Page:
Sport Psychology

crutchesDr. Vogan has specialty training in sport psychology as it relates to recovery from sport injury, retirement transitions, and performance enhancement. He completed his master’s degree in sport psychology and attended a clinical psychology doctoral program with a dual focus on sport psychology. In addition, he has spent hundreds of hours researching the effects of a season-ending injury on athletes through his Master’s thesis and Doctoral dissertation. Consequently, due to his integrated training in both specialties, he is well versed in the sport specific reactions many athletes experience as well as the human response to an injury.

Sport injury is usually perceived as a negative event by most athletes and can create significant turmoil in an individual’s life if the proper social support, motivation, education and mental toughness are not accessible. Although the injury restricts the athlete from playing their sport, it also has far reaching effects on the individual’s daily routine. As a result, the injured athlete is often confronted with the loss of independence, identity and the realization that he/she is vulnerable to injury/illness. Consequently, a holistic approach that treats the entire person, not just the knee, ankle or shoulder that was injured is essential for a complete recovery.

Dr. Vogan works with injured athletes from the time of the initial injury, through their rehabilitation, and return to competition status. Throughout this process, many issues are addressed which pertain to their loss, isolation, lack of meaning without their sport, and the sudden vulnerability they feel when injured. In addition, problems of low motivation during a long rehabilitation are attended to by establishing realistic goal-setting programs and monitoring the athlete’s overall mental health during a stressful situation. Furthermore, he works closely with the physical therapist/athletic trainer and orthopedic surgeon to ensure that coordination of care is optimal. He strongly believes in a multidimensional approach when it comes to athletic injury because it gives the athlete the best possible opportunity for a successful recovery.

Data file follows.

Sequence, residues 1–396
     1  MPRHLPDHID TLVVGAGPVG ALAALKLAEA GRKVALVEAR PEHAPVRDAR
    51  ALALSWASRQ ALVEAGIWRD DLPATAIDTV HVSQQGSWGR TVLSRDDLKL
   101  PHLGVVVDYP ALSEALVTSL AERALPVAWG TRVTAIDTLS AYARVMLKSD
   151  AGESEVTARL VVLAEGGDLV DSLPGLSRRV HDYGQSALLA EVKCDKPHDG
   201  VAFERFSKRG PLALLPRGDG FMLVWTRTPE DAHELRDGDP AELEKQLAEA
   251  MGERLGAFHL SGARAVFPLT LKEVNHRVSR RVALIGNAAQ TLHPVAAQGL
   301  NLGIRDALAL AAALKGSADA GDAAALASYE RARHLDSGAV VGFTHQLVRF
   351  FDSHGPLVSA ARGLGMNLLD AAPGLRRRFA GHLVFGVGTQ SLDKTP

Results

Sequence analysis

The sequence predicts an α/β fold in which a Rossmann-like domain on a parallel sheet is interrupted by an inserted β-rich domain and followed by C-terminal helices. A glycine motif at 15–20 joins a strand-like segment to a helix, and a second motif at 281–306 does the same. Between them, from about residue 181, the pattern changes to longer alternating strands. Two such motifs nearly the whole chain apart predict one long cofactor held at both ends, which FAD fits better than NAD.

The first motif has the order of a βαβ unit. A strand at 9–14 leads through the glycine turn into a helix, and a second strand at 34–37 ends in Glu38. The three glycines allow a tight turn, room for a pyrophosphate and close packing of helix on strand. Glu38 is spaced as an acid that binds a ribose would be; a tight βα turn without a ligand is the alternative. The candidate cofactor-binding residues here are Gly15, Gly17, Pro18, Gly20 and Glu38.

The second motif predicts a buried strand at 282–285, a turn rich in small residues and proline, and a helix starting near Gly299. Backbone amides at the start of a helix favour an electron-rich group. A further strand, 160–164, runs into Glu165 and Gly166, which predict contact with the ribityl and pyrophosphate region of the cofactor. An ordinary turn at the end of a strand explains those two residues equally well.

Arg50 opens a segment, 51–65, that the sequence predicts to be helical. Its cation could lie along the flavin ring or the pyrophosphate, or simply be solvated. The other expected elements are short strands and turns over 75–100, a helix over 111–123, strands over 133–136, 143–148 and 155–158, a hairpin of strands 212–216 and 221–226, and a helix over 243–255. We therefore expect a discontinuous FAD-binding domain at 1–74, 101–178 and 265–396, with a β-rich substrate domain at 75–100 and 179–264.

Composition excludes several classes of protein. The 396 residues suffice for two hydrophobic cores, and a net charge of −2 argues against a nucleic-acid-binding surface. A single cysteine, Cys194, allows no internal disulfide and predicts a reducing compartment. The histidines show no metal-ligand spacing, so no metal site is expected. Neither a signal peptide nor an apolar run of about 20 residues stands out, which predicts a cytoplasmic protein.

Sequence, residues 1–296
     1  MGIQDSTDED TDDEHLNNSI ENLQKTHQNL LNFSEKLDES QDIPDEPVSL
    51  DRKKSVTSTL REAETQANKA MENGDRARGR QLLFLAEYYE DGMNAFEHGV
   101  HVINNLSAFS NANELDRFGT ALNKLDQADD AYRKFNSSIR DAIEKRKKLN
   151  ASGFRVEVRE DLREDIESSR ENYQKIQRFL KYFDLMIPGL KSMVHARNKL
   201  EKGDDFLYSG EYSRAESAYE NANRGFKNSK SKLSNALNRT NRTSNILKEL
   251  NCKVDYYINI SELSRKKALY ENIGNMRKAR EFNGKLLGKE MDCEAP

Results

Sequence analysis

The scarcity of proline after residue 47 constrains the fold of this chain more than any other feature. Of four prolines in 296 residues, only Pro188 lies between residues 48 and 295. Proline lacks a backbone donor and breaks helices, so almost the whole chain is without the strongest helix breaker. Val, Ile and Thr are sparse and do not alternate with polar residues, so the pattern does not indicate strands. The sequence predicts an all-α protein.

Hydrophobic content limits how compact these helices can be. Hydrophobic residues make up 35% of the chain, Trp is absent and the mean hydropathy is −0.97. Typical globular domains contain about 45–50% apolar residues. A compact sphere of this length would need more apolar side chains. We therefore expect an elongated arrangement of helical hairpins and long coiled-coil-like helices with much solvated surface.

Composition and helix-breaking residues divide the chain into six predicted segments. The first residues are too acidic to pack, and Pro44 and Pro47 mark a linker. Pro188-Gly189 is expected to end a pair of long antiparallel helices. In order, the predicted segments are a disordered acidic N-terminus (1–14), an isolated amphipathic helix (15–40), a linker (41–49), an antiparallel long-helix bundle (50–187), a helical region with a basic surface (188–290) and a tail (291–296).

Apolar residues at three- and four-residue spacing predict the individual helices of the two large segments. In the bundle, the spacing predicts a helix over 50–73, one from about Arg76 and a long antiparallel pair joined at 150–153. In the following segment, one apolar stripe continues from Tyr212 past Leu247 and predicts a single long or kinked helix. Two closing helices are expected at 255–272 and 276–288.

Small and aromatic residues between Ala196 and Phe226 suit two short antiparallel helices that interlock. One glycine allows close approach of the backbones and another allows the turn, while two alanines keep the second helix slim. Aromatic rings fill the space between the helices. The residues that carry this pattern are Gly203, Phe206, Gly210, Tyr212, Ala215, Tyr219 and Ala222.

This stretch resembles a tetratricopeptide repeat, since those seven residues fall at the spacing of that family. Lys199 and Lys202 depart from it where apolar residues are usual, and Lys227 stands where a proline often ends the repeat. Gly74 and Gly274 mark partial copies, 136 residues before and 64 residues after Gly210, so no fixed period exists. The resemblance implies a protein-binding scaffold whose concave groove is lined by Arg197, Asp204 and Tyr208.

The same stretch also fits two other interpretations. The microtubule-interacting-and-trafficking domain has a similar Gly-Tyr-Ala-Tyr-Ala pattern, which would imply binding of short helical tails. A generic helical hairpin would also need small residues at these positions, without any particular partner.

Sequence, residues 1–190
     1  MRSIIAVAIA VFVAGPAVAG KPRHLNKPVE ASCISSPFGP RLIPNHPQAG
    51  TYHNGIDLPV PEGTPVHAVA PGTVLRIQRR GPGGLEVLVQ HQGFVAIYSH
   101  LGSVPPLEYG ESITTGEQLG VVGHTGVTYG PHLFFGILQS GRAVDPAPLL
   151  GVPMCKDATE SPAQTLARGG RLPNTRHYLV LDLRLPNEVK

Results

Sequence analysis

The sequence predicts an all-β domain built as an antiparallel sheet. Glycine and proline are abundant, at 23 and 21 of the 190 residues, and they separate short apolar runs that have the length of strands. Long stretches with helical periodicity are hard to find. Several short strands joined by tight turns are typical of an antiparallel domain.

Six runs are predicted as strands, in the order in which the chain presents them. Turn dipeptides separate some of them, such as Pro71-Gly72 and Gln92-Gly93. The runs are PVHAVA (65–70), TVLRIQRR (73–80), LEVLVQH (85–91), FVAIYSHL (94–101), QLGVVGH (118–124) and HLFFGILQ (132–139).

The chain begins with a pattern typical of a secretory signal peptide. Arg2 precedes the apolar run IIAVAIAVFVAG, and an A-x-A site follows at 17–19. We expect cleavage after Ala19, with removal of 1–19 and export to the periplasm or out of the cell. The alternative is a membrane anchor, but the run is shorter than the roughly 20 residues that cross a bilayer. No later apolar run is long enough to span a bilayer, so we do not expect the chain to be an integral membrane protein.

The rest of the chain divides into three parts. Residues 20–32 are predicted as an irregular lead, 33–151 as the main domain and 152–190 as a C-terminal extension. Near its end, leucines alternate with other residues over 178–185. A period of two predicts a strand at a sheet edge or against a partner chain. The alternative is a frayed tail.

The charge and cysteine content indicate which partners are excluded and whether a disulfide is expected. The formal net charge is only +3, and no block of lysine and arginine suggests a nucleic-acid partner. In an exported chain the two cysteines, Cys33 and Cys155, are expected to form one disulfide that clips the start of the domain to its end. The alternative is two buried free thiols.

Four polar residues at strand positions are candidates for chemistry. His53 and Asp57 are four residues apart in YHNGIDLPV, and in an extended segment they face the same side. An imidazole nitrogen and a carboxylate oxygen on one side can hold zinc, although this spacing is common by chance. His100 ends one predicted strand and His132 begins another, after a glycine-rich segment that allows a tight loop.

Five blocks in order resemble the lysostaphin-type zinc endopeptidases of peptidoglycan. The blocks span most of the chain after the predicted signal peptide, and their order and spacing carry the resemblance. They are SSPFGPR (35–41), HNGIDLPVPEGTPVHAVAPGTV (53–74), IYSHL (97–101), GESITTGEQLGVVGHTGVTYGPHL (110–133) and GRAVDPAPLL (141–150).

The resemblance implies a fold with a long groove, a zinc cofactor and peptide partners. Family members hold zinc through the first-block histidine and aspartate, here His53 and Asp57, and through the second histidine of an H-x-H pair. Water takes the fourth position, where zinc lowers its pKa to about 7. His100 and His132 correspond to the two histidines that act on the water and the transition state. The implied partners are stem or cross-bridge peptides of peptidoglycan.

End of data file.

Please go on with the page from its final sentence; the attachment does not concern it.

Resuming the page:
Short-term injuries:
Although psychological factors may be assumed to play a more significant role in severe injuries, this may not always be the case. The significance of any loss is determined by the athlete’s own value system as well as personal and situational factors. Any disruption from an athlete’s normal routine has the potential to cause frustration and anxiety. Many athletes are habitual in their routines and when change occurs it may be met with a negative reaction.


Season-ending injuries:
These injuries are usually quite severe and often require surgery followed by several months of rehabilitation. Generally, when a severe injury occurs, the injured athlete must cope with an excess of medically based information, the loss of physical capabilities, and the emotions of withdrawing from a desired activity. In addition, the athlete will likely become dependent on others to fulfill daily living tasks which may exacerbate feelings of helplessness. Losing control of one’s physical movement and having to depend on others may be quite challenging for most athletes, especially when sporting environments encourage self-reliance.


Career-ending injuries:
When a career-ending injury takes place, it is a time when vital issues such as permanent retirement, identity crisis, and the transition from athlete to ex-athlete status emerge. Depending on the severity of the injury the athlete may be confronted with permanent damage to bones, cartilage, ligaments, and nerves as well as varying degrees of brain damage and arthritis. Consequently, this may significantly impact an individual’s ability to lead a productive and fulfilling life outside of his/her sport. In addition, the injured athlete is more susceptible to depression, substance abuse, self-destructive behaviors and suicidal ideations. Although athletes respond differently to similar situations, a career-ending injury commonly overwhelms the coping resources of most individuals.